Client has successfully completed all components of the program.
75% of discharged clients will have completed the program successfully.
Client has participated in development of discharge plan detailing referrals for community-based services.
98% of successfully discharged clients in program longer than 15 days will have discharge plan/summary.
Program Success Monitored ByHelpOrganizations describe the tools used to measure or track program impact.
SMART (clinical notes and treatment plan updates at 30-60-90 days)
BASIS-24 Consumer Self-report (BASIS 24®, an existing outcome measurement tool that is based on client self report, to measure the impact of treatment outcomes and client profiles. For a little over three years, the Foundation has used Basis 24® to measure the impact of individual outcomes and programmatic outcomes on an aggregate basis. Using a client-driven outcome measure allowed us to tailor treatment more closely to customer needs and by correlating treatment outcomes with programmatic change)
Toxicology screens
Examples of Program SuccessHelpOrganization's site specific examples of changes in clients' behaviors or testimonies of client's changes to demonstrate program success.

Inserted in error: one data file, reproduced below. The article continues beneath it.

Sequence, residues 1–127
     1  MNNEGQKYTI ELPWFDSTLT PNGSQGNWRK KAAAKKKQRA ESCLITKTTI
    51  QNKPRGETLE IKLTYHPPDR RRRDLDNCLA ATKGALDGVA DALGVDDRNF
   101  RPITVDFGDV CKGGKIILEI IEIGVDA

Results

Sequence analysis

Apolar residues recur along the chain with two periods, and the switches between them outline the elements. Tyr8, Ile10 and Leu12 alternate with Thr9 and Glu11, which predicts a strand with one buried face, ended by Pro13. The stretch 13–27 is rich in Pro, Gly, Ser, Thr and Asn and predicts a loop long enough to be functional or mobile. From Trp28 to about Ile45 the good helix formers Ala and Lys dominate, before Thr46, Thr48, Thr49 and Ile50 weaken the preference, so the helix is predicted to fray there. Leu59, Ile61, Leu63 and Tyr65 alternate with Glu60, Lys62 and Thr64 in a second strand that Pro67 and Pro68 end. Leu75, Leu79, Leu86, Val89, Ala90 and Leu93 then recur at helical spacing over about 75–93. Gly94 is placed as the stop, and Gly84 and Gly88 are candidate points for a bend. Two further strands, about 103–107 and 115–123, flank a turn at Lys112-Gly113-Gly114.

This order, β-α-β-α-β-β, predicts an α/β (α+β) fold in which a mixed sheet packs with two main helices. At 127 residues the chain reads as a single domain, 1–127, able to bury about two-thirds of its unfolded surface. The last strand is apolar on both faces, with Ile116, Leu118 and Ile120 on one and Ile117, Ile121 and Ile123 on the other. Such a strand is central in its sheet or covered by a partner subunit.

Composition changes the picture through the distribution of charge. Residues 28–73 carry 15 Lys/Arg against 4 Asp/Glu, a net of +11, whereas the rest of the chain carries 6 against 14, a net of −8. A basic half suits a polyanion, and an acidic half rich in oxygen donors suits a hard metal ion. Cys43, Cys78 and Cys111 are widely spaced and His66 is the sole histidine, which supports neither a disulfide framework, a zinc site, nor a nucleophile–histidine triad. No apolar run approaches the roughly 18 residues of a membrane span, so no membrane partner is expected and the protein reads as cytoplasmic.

“I thought it was normal”, those are the words of Nigel, at age eight, describing his family members passing drugs (heroin and cocaine) around the living room all day, every day. He said it wasn’t until he visited his friends’ homes that “I knew it wasn’t normal”. He says after that, he didn’t feel like he fit in with the kids his age and by the age of 14 had joined his family members in the living room abusing drugs. For the next thirty years, he bought, sold and used drugs “as much as I could get and as often as I could use”. He spent his mid-twenties to mid-thirties in and out of jail and treatment facilities. He moved from the Bronx to Connecticut with his aunt. “I had hoped to make some changes in my life” with the move. Nigel came to APT newly diagnosed with HIV and “scared to death that I wouldn’t be able to stop using drugs”. For the first few years, he engaged minimally in treatment and then says, “The light bulb went on”. His health was poor and he was not actively involved in his medical treatment. The change became dramatic. He sought help from every agency and social resource he could find and became fully engaged in his treatment at APT. He has since successfully discharged from treatment and still calls monthly to state he is doing well. He reminds staff at APT that I am still on his “A team”. He remains drug free and fully engaged in his community, though his health is deteriorating from the natural progression of AIDS. He often states that he would have been dead by now if the APT program hadn’t been so supportive of him and his time to work through his own process. We have to remind him that we provided the arena but he did all of the work.